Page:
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Sviatoslav Richter

By Joseph E. Romero

ARIS, 14 November 1997 - Pianist Sviatoslav Richter died in Moscow on 1 August after suffering a heart attack at the age of 82. The Ukrainian-born pianist of German descent was one of the greatest musicians of the Soviet era, and for many, one of the 20th century's greatest pianists.

Richter came to the attention of western publics in the 1960s, preceded by Emil Gilels's accounts of his contemporary's legendary feats at the keyboard. Although Richter was a late developer (not beginning serious tuition until 1937 at the age of 22 with the eminent pedagogue Heinrich Neuhaus, who also taught Gilels) he still went on to become one of the most unusual artists the classical music world has ever known. In fact, Richter had that rarest of musical gifts: he kept you listening long after the music stopped.

In Europe, Richter was positively lionized, notably in Germany and France where he had a second home and spent considerable time. Liturgical devotion to the text, an uncanny mixture of artistic genius, and iconoclastic behavior made Richter the leading draw in Paris. After all, the idea that a pianist will pack up his instrument in a van and set off for who knows where, stop because he likes the look of a wheat field in Touraine, then notifying a couple of locals and giving a legendary performance in a barn appeals to the strong individualistic streak in every Frenchman. Of such escapades, the Festival of La Grange de Meslay was born.


Build your Best of Richter collection on the Net

Few pianists have been such a lucrative target for the pirate's craft as Sviatoslav Richter (1915-1997). His reluctance to make studio recordings after 1970 has resulted in an estimated 200 CD titles, mostly of live broadcast material of varying provenance and sound quality marketed without Richter's agreement. There are innumerable references to Richter on the Internet, however the two most thorough are Paul Geffen's Richter Discography and Ates Tanin's Recorded Richter.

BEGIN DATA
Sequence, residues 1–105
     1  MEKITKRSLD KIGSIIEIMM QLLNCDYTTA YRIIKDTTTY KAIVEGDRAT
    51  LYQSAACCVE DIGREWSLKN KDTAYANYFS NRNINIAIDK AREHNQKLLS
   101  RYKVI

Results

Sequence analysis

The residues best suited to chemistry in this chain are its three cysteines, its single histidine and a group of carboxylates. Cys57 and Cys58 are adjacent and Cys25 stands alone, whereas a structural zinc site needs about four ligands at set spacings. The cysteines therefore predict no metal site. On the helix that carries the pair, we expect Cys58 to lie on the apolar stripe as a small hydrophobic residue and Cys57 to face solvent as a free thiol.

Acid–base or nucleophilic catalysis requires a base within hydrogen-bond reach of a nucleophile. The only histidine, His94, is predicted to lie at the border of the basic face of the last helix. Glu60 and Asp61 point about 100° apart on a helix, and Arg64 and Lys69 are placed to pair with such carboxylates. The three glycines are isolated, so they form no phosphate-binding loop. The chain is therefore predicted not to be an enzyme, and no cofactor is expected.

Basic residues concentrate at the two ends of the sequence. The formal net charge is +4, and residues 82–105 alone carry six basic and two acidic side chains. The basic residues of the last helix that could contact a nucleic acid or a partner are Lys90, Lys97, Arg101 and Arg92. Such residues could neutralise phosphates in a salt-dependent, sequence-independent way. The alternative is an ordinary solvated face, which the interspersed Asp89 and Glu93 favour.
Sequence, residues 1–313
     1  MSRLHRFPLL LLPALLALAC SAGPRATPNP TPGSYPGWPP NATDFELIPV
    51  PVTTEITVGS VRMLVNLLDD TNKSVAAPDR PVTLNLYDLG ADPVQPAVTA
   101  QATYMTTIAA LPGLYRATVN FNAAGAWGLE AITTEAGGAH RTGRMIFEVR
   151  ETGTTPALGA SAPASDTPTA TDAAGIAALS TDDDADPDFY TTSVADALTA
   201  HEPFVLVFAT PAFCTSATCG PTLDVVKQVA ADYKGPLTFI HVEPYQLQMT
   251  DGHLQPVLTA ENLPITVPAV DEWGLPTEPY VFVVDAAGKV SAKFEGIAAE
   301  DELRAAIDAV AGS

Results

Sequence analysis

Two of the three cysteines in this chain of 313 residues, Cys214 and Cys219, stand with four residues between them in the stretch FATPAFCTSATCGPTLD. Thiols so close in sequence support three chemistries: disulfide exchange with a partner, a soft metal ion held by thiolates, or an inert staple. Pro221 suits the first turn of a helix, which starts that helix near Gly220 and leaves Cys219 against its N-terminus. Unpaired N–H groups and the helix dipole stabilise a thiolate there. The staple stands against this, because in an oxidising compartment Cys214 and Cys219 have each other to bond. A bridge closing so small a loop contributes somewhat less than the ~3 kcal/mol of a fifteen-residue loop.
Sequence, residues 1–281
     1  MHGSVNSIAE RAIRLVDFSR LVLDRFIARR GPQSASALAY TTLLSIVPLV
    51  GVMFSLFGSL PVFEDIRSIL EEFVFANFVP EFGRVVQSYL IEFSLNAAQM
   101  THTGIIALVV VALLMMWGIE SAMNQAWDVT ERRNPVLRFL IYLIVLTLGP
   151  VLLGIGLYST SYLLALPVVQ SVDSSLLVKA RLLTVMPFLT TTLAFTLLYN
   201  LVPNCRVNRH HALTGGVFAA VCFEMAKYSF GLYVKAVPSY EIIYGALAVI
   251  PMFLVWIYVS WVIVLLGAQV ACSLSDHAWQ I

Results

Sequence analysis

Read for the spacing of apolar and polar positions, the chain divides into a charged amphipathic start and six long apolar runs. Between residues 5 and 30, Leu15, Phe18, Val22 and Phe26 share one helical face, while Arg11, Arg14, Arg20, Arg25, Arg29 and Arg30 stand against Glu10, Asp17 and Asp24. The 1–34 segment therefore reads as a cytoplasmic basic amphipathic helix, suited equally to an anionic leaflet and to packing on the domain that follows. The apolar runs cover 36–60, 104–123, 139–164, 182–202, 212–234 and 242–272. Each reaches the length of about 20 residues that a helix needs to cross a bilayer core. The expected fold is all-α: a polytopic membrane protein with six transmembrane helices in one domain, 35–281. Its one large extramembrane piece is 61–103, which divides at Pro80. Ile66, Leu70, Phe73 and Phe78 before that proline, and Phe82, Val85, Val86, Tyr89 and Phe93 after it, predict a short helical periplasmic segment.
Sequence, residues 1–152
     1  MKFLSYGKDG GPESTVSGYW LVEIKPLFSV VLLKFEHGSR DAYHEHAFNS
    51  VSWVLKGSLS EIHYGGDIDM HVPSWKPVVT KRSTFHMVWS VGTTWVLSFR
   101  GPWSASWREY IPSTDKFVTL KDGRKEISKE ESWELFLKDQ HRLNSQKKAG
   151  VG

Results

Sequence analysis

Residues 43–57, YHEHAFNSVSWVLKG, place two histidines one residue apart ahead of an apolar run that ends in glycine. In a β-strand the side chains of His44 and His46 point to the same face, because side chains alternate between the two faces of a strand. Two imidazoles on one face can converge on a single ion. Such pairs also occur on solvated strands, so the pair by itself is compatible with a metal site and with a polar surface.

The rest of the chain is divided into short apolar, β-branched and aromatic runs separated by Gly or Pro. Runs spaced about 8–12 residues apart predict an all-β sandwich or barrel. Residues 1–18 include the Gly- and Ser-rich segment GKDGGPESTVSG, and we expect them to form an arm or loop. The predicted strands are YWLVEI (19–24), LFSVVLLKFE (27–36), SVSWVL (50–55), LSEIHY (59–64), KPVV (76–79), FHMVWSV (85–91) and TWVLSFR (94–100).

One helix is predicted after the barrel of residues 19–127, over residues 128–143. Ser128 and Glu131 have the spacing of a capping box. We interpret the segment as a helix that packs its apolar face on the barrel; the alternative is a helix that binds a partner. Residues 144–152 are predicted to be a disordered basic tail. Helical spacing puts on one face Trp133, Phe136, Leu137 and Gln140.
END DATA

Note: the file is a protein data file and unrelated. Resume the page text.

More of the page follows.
Connoisseurs of the great pianist and sophisticated collectors may navigate with some skill in this labyrinth, but the average classical music listener would find Richter's discography mind-boggling.

Voracious discophiles have no doubt already painstakingly catalogued - with the aid of a relational data base - their existing Richter collection and established interpretation priorities. For others who never had the opportunity to hear Richter live or stay abreast of authorized and pirate recordings, the task ahead is rather daunting. Building a coherent Richter CD collection will require both knowledge of Richter's pianism and determination to wade through a discography cluttered with unauthorized and official recordings.

That is why Klassiknet editors thought it would be interesting and certainly more useful to readers to draw on the collective experience of piano buffs on the Internet to establish an ideal Richter discography. Net travellers are invited to submit their favorite Richter interpretations on CD or LP, with or without a brief commentary, in the language of their choice (English, francais, Deutsch). LP recommendations must be available commercially and accompanied by a distribution source.